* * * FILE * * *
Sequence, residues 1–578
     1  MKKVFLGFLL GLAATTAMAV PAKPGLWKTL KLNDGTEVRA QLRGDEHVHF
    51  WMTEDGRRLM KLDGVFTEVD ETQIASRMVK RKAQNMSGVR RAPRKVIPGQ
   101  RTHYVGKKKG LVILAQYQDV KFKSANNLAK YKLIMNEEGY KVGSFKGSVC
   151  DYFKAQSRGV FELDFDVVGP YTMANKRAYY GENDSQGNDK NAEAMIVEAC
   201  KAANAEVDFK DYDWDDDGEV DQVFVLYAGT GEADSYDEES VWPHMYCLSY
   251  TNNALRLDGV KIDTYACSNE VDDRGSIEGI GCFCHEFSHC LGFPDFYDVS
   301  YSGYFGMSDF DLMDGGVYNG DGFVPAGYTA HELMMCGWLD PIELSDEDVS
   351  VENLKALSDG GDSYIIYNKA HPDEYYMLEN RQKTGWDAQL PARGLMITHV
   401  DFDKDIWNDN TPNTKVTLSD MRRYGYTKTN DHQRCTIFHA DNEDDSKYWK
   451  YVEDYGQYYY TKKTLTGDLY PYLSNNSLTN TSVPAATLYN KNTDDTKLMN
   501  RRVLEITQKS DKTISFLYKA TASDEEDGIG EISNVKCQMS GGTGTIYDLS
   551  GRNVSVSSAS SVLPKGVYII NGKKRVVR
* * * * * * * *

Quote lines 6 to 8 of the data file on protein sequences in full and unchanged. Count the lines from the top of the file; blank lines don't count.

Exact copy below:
   201  KAANAEVDFK DYDWDDDGEV DQVFVLYAGT GEADSYDEES VWPHMYCLSY
   251  TNNALRLDGV KIDTYACSNE VDDRGSIEGI GCFCHEFSHC LGFPDFYDVS
   301  YSGYFGMSDF DLMDGGVYNG DGFVPAGYTA HELMMCGWLD PIELSDEDVS